I therefore beseech all avid readers out there to read this book. Yes it is slow moving but it does pick up pace and it provides such an exhilarating read that one almost feels shell shocked when completing it. Diana Gabaldon succeeds in making any reader crave more and more of her books. I particularly enjoyed the supernatural element is this book and how it was tied into genealogy so effectively that one does not even question it. So please avid readers, be patient with this book, it is fascinating and so worth a read. I look forward to beginning the next instalment of this awe worthy series with great excitement. 

As always, I would love to hear your feedback and opinions on my blog or twitter page.

The Avid Reader 🙂

Twitter: twitter.com/theavidreaders

The Ultimate Book List- For every kind of reader.

books_11 Genres   top_collaborati

Hello my avid readers. I recently received a message from a follower who wanted me to give them a list of great books that I had read across the genres. From fiction to non-fiction, from history to romance, there are multiple, books that I would definitely recommend, including many I have already reviewed on this blog.

This question has really motivated me to reflect and ponder what it is about a book, that makes it stand out against all others? The answer is simple. A great book allows the reader to be transported to a different era, a different world, with magical characters that evoke such emotions that when reading, it is impossible not to feel that you know the people involved as if they were your neighbours, your best friends, your family or your crushes.

So with this in mind, I have deduced a number of books (that I have hastily remembered, so if I leave out a few I will add at another time) that reflect this theory of mine and will list them below according to their genre and author. It is also important to note that not all who read these books will have the same reaction to them as I did, it is after all my own personal opinion. However as an avid reader, who has collected and read hundreds if not thousands of books since a very young age, I would say I have become an expert on what makes a good book tick for me.  

Therefore my avid readers, I hope you enjoy the list below (in no particular order of preference) and also I can’t think of all books at the moment so if I remember more in the meantime I’ll add it to the list. Once again the list represents my own personal opinion of the best books I have read and as such it does not represent the opinions of the wider world. If you have any further queries or opinions, please do not hesitate to contact me on this blog or on my twitter page.

Happy reading!

The Avid Reader 🙂 

Genres                                            Book Title                                            Author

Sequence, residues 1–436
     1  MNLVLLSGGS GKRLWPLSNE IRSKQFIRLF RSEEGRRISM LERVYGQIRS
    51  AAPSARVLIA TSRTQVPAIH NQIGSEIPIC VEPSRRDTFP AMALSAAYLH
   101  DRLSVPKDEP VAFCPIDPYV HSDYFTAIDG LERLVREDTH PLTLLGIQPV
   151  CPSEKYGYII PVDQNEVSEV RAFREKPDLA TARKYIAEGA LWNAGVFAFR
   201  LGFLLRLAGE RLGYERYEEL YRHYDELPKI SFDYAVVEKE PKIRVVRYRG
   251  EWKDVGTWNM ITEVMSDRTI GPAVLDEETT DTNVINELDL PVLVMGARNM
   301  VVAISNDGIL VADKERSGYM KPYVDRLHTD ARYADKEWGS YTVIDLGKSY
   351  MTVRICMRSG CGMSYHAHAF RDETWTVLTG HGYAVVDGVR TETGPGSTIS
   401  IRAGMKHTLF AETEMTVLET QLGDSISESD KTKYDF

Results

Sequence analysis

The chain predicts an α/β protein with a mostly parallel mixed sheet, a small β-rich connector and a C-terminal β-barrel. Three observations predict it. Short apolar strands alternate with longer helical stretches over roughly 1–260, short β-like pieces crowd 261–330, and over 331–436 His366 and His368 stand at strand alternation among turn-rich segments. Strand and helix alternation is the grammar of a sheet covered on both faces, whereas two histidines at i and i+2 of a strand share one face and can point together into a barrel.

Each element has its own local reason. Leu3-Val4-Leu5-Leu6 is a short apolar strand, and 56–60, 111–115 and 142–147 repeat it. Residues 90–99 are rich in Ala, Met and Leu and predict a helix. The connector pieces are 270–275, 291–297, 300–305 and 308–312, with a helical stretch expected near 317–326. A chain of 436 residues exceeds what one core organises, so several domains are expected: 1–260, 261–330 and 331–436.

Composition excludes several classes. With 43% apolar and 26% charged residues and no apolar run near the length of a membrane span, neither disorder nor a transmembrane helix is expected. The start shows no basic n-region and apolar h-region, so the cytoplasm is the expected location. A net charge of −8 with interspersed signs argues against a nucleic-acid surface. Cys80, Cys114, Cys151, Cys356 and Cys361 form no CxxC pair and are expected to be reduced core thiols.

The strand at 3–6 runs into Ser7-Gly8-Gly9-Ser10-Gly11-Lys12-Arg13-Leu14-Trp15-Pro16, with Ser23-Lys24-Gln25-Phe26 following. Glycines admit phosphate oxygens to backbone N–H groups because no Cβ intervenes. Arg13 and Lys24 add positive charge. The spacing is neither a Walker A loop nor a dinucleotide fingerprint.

Historical Fiction                          Outlander (series)                               Diana Gabaldon 

(please note some                         The Century Trilogy                             Ken Follett

of these books                               The Bronze Horseman                          Paullina SImons

can come under                             The Last Summer                                 Judith Kinghorn

romance genre  also)                      Mariana                                                Susanna Kearsley

                                                        Sophia’s Secret                                   Susanna Kearsley

                                                        The American Heiress                         Daisy Goodwin

                                                        The Distant Hours                               Kate Morton

                                                        World Without End                              Ken Follett

                                                        Pillars of the Earth                               Ken Follett

                                                       The Quantock Quarter                         Ruth Elwin Harris

                                                       The Other Boleyn Girl                          Phillipa Gregory

                                                        The Bridgerton Series*                        Julia Quinn

                                                        Wallflower Series*                               Lisa Kleypas

* meaning particularly laden with romance genre if you catch my meaning 😉

Romance                                     Tully (controversial)                           Paullina Simons 

                                                     Pride and Prejeudice*                        Jane Austen

                                                     Persuasion*                                        Jane Austen

                                                     Mansfield Park*                                  Jane Austen

                                                     Wuthering Heights*                            Emily Bronte (can’t do dots on e)

                                                     Garden Spells                                     Sarah Addison Allen

                                                     The Notebook                                     Nicholas Sparks